The Ankara Chief Public Prosecutor’s Office has issued detention warrants for 42 people working at Turkey’s Interior Ministry over alleged links to the faith-based Gülen movement, which is accused by the Turkish government of masterminding a failed coup attempt on July 15, 2016.
Police teams began the detentions of the individuals who are accused of using a smart phone application known as ByLock on Tuesday morning and have detained 12 people so far.
Turkish authorities believe ByLock is the top communication tool among the followers of the Gülen movement which is accused by the Turkish government of masterminding a failed coup attempt on July 15.
Some of the individuals for whom detention warrants were issued had already been fired from their jobs through government decrees after the coup attempt on allegations that they had links to the Gülen movement, according to a statement released by the prosecutor’s office on Tuesday.
The military coup attempt on July 15 killed over 240 people and wounded more than a thousand others. Immediately after the putsch, the Justice and Development Party (AKP) government along with President Recep Tayyip Erdoğan pinned the blame on the Gülen movement.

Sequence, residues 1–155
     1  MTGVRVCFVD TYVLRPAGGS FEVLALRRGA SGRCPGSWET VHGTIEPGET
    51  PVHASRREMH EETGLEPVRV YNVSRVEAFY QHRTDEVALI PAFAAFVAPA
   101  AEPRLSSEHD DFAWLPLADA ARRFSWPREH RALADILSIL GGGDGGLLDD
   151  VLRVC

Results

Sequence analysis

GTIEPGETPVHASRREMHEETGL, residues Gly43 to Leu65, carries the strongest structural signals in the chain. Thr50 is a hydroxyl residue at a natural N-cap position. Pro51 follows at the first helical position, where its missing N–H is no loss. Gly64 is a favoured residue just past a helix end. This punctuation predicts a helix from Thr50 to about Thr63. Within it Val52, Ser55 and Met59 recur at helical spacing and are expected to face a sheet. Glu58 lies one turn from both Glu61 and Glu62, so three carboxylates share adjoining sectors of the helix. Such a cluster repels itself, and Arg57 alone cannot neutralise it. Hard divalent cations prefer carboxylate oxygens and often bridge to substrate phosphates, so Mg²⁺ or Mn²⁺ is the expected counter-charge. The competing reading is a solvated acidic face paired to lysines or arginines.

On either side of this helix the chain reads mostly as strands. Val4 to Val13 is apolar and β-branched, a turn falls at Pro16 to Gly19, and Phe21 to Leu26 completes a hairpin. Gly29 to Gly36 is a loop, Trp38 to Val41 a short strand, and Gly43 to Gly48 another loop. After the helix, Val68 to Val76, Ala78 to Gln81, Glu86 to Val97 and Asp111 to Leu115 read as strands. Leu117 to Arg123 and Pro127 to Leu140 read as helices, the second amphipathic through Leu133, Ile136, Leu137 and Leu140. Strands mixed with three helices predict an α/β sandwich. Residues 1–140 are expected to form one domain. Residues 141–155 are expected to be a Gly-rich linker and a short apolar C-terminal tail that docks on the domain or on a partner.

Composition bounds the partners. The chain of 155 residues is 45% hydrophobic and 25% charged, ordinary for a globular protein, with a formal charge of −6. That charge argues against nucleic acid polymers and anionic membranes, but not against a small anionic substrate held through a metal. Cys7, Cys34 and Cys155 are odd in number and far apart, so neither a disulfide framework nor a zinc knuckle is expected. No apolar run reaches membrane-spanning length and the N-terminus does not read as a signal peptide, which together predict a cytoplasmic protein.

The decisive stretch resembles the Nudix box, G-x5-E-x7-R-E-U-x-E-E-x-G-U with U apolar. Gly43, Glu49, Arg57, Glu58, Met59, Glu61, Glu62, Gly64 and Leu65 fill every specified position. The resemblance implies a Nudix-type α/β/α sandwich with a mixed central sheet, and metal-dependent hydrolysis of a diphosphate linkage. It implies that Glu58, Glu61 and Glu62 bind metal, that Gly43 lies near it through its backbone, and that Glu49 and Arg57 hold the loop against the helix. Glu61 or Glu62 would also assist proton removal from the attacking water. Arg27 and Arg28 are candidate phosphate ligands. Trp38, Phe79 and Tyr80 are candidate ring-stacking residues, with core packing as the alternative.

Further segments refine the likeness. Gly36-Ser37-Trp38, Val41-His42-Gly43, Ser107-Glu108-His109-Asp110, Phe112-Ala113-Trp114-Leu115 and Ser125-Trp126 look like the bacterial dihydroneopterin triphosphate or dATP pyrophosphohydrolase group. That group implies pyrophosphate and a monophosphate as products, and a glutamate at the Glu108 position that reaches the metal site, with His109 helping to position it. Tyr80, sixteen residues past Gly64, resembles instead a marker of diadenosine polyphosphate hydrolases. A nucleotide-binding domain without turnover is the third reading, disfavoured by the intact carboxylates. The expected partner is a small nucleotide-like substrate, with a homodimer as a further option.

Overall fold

Fethullah Gülen, who inspired the movement, strongly denied having any role in the failed coup and called for an international investigation into it, but President Erdoğan — calling the coup attempt “a gift from God” — and the government initiated a widespread purge aimed at cleansing sympathizers of the movement from within state institutions, dehumanizing its popular figures and putting them in custody.
According to a report by the state-run Anadolu news agency on May 28, 154,694 individuals have been detained and 50,136 have been jailed due to alleged Gülen links since the failed coup attempt.